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MEDIA RELEASE
For Immediate Release: June 28, 2012

Contact: David Buer
Sutherland Institute
Director of Communications
801-355-1272 (w)
801-657-0756 (c)
dbuer@sutherlandinstitute.org

Sutherland Institute Offers Utah a Path Forward After Obamacare Ruling

SALT LAKE CITY – In light of the Supreme Court’s decision to uphold the Patient Protection and Affordable Care Act (PPACA) – a law that most Americans wanted to see repealed – as a tax on every American in the country, Sutherland Institute proposes a path forward for Utah policymakers to protect Utahns from what would be one of the largest middle-class tax increases in the history of the country:

First, electoral politics aside, the Health Care Compact is now the primary protection for Utahns and their families. Utah joined the compact after passing legislation during the 2012 session. If approved by Congress, the compact will give member states primary regulatory authority over health care policy, including the authority to suspend “all federal laws, rules, regulations, and orders regarding health care.” Additionally, under the compact Utah would be able to pursue whatever health care reforms are best for Utah without first needing to obtain waivers (which might never come) from the federal government.

Second, Utah policymakers should reject the federal expansion of Medicaid. The Supreme Court ruled that it would be unconstitutional for the federal government to take away existing Medicaid funds from the states if they chose to reject the expansion of Medicaid under PPACA. This expansion would make even more Utahns dependent on a government program that is already becoming unaffordable. Utah lawmakers should stand up and refuse to sell Utahns’ self-reliance and independence for a few federal dollars.

Third, Utah should pursue patient-centered, free-market health care reform under the freedom the Health Care Compact provides. Once congressional approval of the compact is secured, Utah should pursue genuine solutions to health care policy problems through reforms that establish and protect a free market in health care, that get government out of the way, and that give people – not government or insurance companies – control and responsibility over their own health care decisions.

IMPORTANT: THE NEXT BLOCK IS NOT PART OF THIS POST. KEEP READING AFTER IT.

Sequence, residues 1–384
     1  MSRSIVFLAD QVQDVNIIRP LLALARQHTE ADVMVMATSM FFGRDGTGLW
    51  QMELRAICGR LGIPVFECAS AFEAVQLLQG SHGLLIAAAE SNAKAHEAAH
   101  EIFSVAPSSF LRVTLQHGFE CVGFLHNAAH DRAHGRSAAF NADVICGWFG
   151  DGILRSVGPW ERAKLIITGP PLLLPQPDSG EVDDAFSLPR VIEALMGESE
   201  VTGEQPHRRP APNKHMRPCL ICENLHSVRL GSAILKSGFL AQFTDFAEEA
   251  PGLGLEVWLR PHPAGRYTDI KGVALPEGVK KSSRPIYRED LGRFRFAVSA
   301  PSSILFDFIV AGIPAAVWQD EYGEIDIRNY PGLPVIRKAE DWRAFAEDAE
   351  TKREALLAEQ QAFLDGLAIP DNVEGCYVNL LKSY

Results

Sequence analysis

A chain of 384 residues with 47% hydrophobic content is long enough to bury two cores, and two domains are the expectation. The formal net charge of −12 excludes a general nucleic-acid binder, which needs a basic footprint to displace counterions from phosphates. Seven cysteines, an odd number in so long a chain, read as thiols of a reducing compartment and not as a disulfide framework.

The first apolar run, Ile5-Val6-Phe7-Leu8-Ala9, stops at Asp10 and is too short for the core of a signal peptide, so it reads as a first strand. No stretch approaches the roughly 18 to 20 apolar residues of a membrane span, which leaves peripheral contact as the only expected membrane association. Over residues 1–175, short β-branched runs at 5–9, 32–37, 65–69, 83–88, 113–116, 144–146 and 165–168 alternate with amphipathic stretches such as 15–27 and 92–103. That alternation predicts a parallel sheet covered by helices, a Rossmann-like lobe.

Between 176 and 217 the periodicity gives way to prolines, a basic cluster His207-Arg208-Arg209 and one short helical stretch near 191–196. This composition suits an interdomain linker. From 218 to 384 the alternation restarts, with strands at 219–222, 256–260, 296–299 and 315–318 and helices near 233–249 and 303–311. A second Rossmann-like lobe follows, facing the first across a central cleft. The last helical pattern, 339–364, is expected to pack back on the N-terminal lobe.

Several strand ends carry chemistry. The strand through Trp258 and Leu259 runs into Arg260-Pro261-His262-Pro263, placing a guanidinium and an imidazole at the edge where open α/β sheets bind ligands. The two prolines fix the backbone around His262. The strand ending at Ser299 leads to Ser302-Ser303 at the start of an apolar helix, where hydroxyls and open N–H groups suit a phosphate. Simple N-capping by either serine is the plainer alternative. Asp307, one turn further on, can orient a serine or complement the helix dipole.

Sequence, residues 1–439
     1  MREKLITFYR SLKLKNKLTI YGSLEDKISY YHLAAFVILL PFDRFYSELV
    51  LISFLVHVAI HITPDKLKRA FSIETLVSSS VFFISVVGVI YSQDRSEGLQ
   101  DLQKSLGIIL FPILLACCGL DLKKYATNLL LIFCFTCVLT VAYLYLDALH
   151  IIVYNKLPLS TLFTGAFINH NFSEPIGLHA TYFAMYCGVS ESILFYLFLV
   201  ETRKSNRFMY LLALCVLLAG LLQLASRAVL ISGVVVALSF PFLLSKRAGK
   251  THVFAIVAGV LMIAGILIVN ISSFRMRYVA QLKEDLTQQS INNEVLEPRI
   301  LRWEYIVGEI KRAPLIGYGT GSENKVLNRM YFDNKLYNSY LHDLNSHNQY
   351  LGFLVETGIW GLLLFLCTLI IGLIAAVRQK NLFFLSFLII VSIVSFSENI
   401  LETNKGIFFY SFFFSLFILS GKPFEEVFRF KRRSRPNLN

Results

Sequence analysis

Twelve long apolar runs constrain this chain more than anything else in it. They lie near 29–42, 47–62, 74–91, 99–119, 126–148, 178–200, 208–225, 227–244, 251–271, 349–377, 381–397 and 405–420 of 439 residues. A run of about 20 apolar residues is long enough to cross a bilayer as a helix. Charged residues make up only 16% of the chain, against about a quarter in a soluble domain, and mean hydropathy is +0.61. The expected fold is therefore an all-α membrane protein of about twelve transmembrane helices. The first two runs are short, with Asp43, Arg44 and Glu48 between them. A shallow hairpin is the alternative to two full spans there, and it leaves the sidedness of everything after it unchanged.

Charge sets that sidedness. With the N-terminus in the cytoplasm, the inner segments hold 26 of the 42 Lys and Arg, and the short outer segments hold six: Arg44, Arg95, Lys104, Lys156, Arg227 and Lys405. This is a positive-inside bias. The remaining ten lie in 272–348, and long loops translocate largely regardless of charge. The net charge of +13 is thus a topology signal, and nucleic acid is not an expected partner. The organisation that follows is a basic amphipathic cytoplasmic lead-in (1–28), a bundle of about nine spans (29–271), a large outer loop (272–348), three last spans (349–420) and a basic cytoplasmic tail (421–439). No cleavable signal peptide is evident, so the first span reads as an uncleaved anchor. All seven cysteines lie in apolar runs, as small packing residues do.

Such policy options could include encouraging Health Savings Accounts (unencumbered by nonsensical federal regulations, thanks to the compact) as the primary way to pay for predictable and reasonable health care expenses, with high-deductible health insurance to help cover unpredictable and disastrously expensive health care events. They could also include requiring doctors and hospitals to make pricing information available and transparent, which would help patients using their Health Savings Account in the free market to search for affordable, high-quality health care services. This would create free-market competition among health care providers, helping restrain health care costs as providers seek to attract patients based on both low cost and high quality.

Finally, the compact would allow the state to pursue authentic charity care, which Sutherland has previously proposed, as the way to provide access for the working poor to high-quality, basic health care services. This policy would include a system of free health care clinics, funded largely through private donations and staffed by volunteer professionals, coordinated by a state-chartered Community Health Foundation.

Most Americans, not to mention Utahns, oppose PPACA and believe, rightly, that it will result in higher costs, fewer choices, and worse care for them and their families. Utah policymakers should stand up and protect Utahns from the harms that PPACA will cause.

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